To me, there is no greater month to live in Lexington, Ky. than October. With college football season in full swing and live racing at Keeneland, you’re guaranteed to find a rowdy tailgating atmosphere on any given weekend in the Bluegrass.
As many know, this October also marks the first time that Keeneland will play host to the Breeders’ Cup World Championships on Oct. 30-31. The city will be an absolute zoo that weekend, welcoming thousands of horse racing fans from around the globe to the Breeders’ Cup and also a few less-welcomed Tennessee fans to town when Kentucky plays host to the Vols at Commonwealth Stadium, also on Halloween.
Like all Keeneland October meetings, the historic track also will play host to significant stakes races that serve as qualifiers for the 2015 World Championships. Here is a look at the stakes schedule for the first four race days:
Friday, Oct. 2
- $250,000 Stoll Keenon Ogden Phoenix (G3)
WAYI – BC Sprint
- $400,000 Darley Alcibiades (G1)
WAYI – BC Juvenile Fillies
Saturday, Oct. 3 (Live coverage on NBC 5-6 p.m. EDT)
- $1,000,000 Shadwell Turf Mile (G1)
WAYI – BC Mile
- $150,000 Woodford (G3) presented by Keeneland Select
BC Turf Sprint
- $250,000 Thoroughbred Club of America (G2)
WAYI – BC Filly/Mare Sprint
- $400,000 First Lady (G1)
BC Filly/Mare Turf
- $500,000 Claiborne Breeders’ Futurity (G1)
WAYI – BC Juvenile
Sunday, Oct. 4 (Live coverage on NBC 5-6 p.m. EDT)
- $500,000 Juddmonte Spinster (G1)
WAYI – BC Distaff
- $250,000 Dixiana Bourbon Stakes (G3)
WAYI – BC Juvenile Turf
Wednesday, Oct. 7
- $150,000 JPMorgan Chase Jessamine (G3)
WAYI – BC Juvenile Fillies Turf
Note: The Woodford and First Lady on Saturday are not official Breeders’ Cup “Win and You’re In” races, but the winners are likely to go on to compete in the Breeders’ Cup Turf Sprint and Breeders’ Cup Filly and Mare Turf, respectively.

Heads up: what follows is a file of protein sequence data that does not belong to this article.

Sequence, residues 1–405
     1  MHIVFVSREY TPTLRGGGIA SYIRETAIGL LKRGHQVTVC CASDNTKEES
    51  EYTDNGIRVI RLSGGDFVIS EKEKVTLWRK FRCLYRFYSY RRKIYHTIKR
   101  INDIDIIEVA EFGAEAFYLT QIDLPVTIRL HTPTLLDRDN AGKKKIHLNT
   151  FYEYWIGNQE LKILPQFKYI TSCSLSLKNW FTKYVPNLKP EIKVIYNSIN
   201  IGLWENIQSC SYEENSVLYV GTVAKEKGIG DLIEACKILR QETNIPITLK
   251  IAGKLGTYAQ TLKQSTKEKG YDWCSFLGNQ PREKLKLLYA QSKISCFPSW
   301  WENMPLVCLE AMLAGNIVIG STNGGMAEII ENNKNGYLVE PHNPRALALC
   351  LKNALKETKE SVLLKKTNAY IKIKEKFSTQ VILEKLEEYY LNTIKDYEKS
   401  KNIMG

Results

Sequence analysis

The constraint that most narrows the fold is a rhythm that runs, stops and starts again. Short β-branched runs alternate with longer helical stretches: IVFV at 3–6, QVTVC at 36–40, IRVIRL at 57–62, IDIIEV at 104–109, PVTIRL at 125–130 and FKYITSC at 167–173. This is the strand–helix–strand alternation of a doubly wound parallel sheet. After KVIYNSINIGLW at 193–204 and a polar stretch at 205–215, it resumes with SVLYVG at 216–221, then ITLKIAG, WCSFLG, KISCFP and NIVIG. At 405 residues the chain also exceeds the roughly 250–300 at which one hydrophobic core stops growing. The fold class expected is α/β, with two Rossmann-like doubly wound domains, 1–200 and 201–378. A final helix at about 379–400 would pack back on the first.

To most casual sports fans, what the hell do these races mean? How many races are in the Breeders’ Cup? And why is the Breeders’ Cup a big deal?
To answer the first question, I will refer readers to the Where to Start portion of my website that explains how to categorize each race. There are 13 total Breeders’ Cup races, each for a given division of horse. Here’s a look at the full schedule:
As you can see, each race awards the winning connections with a huge amount of prize money, marking the proverbial champion in each division. It’s a bigger deal to horse people than the Triple Crown, because horses who run in the Triple Crown really only make up about one half of the Classic division. Only 3-year-old horses are allowed to run in the Kentucky Derby, Preakness and Belmont Stakes, so the Breeders’ Cup Classic puts 3-year-olds head-to-head with older, more experienced horses. The Classic has been dominated mostly by males, so there’s also a complimentary race called the Distaff for females only. Here is a chart I created to make sense of how these races are divided:
- Route: means a race is contested at a distance over one mile
- Route (for age): I put “route for age” because a mile distance, as in the Juvenile Turf and Juvenile Fillies Turf, can still be considered a route when talking about 2-year-old horses
- Mile: means the race is contested at the distance of exactly one mile
- Sprint: means the race is contested under a mile.
- Furlong: is a unit of measure equaling 1/8 of a mile. We use furlongs to measure sprint races.
- Dirt: race is contested on the dirt track
- Turf: race is contested on the turf course
- Filly: a female horse, age four or younger
- Mare: a female horse, aged four or older (not sure exactly when a filly becomes a mare)
- Juvenile: a 2-year-old horse
Now that you have a feel for what the races actually mean, I’ll refer you to the Breeders’ Cup website if you’re interested in learning more about the prospective contenders for each race.
The main thing is to watch these “Win and You’re In” races closely, because you never know when you might see a horse that goes on to be a Breeders’ Cup winner.